It wouldn’t be hyperbole to say there’s been a buyer’s rush in Bend these past several months. Through July, four homes went pending for every three that went on the market.
This continuing inventory crunch has created significant upward pressure on prices. Last month saw residential properties properties in Bend go for a record median of $534,950, 15% higher than a year earlier.
In comparision, Bend’s market appreciated 6% in 2019. That figure is still well above the national average of 3-5%, but 15% is just off the charts.
In July, new homes were listed at a median of $659k. That’s a record high, but it’s only $10k higher than in June, when the median list price went up a whopping $50k as sellers realized the pandemic wasn’t keeping buyers away.
15% may prove to be an anomaly, but looking closer at the data, buyers shouldn’t expect relief any time too soon. The long and short of it is that Bend is running out of inventory.
Pending sales activity is up more than 50% year-over-year while seller activity is down across all price points. Some segments of Bend’s market are even hotter.
Activity has increased the most year-over-year in Bend’s luxury market, with pending sales of $1 million-plus homes doubling compared to July 2019. New listings are also up a bit (22%), but total inventory is down 60%. Only 2 months of inventory of million-dollar-plus homes remain, which is unprecedented in Bend’s market.
The next hottest price point is the $600-800k range, with a 76% year-over-year increase in buyer activity. New listings lag behind pending sales by 42%, which means the upper-middle end of Bend’s market is starting to get very tight.
The $350-500k range isn’t far behind, with 71% more buyer activity than a year ago and 40% less new listings than pending sales.
These numbers are a big deal, but the real headline is this: in July, inventory across Bend’s entire residential market fell below 1 month for the first time ever. As of the end of the month, there were 323 active sub-$800k residential properties in Bend compared to 843 the previous year.
Let that number sink in for a bit: that’s a 62% drop. Inventory starts to climb a bit above that price point, but as we saw above, it’s still shrinking.
If anything, prices have the potential to escalate even further. Any influx of new listings may be too little, too late.
Once mortgage forebearance options run out and certain segments of the economy still haven’t recovered from COVID-19, people will have to put their homes on the market. The question, though, is whether broader economic currents will have an effect upon the demographics that are currently flocking to Bend.
Investor dollars aren’t what’s inflating Bend’s market right now–it’s people who want to live here and now can because of the remote work revolution. The floodgates have opened, and new construction will start to catch up, but this could be the new reality of Bend’s market for now.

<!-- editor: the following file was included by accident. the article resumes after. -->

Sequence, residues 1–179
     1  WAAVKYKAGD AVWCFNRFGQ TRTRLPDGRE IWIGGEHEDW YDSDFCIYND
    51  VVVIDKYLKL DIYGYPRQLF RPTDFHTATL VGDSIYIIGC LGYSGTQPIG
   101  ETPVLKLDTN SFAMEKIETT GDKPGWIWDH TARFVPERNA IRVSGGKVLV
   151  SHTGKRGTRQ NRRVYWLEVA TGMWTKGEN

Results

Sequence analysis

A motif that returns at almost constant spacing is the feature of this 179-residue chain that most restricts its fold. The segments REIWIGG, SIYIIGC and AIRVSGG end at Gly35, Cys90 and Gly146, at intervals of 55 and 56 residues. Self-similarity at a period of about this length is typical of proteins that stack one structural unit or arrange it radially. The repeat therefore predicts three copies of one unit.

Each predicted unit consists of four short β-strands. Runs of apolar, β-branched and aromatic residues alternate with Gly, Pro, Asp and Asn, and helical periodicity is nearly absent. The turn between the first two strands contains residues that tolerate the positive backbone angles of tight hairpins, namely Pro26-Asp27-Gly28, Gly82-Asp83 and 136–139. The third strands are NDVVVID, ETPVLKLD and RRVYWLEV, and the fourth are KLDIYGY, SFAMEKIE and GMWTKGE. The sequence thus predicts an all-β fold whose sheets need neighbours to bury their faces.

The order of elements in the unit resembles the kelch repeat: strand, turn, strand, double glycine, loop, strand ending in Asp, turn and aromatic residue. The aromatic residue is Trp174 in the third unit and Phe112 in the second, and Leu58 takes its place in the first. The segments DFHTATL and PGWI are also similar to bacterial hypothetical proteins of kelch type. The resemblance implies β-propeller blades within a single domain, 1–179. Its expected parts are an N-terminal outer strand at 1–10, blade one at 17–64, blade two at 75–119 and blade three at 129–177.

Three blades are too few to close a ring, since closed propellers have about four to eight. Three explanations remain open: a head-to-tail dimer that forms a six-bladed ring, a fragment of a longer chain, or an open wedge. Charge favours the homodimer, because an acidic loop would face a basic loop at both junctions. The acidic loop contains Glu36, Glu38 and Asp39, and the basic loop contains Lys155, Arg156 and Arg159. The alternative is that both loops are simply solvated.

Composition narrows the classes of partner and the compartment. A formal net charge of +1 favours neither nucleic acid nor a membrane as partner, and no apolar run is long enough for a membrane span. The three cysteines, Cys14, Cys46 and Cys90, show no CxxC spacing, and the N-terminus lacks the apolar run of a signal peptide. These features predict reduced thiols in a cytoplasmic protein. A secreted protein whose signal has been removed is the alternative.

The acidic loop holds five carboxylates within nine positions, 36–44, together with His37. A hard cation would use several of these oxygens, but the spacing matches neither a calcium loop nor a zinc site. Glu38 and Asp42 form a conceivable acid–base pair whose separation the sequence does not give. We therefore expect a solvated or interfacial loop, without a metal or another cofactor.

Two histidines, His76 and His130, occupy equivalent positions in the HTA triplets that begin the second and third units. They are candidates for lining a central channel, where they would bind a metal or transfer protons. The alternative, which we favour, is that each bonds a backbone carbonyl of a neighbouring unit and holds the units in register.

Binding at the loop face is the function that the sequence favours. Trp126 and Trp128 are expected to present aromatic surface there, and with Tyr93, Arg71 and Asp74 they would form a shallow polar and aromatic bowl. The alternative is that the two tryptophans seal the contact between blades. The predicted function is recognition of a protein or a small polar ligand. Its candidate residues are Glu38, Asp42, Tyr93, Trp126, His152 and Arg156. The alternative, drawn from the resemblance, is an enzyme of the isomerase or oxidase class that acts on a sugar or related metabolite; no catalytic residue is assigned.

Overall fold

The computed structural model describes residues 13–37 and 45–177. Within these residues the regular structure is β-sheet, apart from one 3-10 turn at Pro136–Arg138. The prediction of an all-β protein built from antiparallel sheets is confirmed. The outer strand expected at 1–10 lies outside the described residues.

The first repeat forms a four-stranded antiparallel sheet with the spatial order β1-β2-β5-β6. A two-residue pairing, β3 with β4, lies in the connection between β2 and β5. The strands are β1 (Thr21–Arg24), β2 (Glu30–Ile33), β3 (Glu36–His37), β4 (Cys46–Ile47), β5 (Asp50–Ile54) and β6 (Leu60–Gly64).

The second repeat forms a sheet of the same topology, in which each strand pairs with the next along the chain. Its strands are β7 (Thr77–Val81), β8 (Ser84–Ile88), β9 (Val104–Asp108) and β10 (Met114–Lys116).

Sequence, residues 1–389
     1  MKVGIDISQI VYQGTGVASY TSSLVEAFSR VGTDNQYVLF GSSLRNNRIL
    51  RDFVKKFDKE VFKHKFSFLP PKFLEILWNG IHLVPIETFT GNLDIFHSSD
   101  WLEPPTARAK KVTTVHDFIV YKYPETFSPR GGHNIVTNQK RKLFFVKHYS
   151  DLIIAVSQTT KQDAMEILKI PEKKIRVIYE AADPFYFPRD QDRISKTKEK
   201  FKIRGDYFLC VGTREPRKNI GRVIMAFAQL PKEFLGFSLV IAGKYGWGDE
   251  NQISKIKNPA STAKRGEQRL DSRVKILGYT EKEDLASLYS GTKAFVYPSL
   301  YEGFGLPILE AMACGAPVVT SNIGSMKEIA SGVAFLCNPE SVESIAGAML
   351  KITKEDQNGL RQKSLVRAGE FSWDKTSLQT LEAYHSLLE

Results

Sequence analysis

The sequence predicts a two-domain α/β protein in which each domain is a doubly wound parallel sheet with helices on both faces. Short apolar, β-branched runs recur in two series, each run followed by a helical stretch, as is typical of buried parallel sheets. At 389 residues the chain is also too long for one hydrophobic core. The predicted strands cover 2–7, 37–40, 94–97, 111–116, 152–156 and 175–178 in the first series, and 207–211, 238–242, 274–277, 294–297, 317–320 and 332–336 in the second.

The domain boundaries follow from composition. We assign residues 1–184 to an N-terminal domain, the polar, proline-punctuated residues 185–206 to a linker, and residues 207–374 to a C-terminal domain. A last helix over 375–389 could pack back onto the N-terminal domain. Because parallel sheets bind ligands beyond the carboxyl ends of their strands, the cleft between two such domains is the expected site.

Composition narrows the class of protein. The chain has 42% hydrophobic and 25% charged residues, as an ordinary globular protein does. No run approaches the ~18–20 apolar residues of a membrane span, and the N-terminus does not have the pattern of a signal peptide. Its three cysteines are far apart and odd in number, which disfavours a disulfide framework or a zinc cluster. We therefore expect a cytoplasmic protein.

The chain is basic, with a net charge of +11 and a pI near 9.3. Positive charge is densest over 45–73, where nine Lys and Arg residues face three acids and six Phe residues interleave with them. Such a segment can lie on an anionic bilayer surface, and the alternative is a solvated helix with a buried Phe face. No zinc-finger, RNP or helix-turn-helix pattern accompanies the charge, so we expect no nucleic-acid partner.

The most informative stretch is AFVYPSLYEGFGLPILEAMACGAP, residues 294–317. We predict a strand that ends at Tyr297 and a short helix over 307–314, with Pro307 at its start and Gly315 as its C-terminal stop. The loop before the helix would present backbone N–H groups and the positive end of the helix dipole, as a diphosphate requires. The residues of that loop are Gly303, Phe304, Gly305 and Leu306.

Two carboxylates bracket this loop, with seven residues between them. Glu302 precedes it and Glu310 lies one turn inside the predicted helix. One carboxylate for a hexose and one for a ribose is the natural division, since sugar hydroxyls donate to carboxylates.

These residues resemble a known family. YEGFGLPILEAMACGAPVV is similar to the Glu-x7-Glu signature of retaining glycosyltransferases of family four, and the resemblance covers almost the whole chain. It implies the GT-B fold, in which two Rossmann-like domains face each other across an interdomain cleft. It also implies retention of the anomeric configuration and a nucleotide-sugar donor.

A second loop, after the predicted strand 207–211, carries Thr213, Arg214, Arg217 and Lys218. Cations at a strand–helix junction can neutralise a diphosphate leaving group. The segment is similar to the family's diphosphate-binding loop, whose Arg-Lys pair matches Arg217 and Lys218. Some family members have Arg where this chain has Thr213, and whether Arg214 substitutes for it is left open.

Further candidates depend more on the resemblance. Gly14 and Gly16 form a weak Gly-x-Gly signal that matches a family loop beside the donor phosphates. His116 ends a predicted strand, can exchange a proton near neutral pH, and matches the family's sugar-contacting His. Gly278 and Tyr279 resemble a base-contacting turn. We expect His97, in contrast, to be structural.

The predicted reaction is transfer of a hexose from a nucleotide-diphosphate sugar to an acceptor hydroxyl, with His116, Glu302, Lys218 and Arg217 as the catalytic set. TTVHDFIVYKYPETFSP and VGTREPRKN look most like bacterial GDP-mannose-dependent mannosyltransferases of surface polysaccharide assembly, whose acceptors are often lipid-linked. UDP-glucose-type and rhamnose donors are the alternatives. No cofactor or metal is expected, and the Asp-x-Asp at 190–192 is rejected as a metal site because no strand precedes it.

Eugene Real Estate Market Report for July 2020
The numbers in Eugene look a bit more pedestrian than Bend’s. Buyer activity is up year-over-year and seller activity is down somewhat. It’s important to note, however, that Eugene’s inventory heading into the pandemic was significantly lower than Bend’s, meaning that there was less wiggle room to begin with.
As of publication, only 252 residential properties are available for sale in Eugene. Using July’s pending sales numbers as our basis, that translates to just 0.73 months of inventory. Eugene’s inventory shortage is still lower than Bend’s, and the pandemic is pushing it further into uncharted territory.
That’s the reason for the 14% year-over-year appreciation that we’re seeing between this summer and the last. Buyers are getting more desperate, and they’re willing to pay more for less.
Unsurprisingly, Eugene is seeing the biggest decrease in inventory in the sub-$300k range. In June and July, new listings at this price point dropped 63%, while pending sales dropped just 26%.
Buyer demand, meanwhile, has increased the most sharply in the $450-600k range, rising 84% year-over-year. New listings have increased slightly–9%–but it isnt nearly enough to account for the increased demand.
The dynamic is similar, though less pronounced at higher price points. There just isn’t much inventory period in Eugene’s premium or luxury ranges. At present, there are only 23 active listings in the $800k-plus range. 12 went pending in July, a new record, which could be a sign of even tighter inventory down the road for luxury buyers.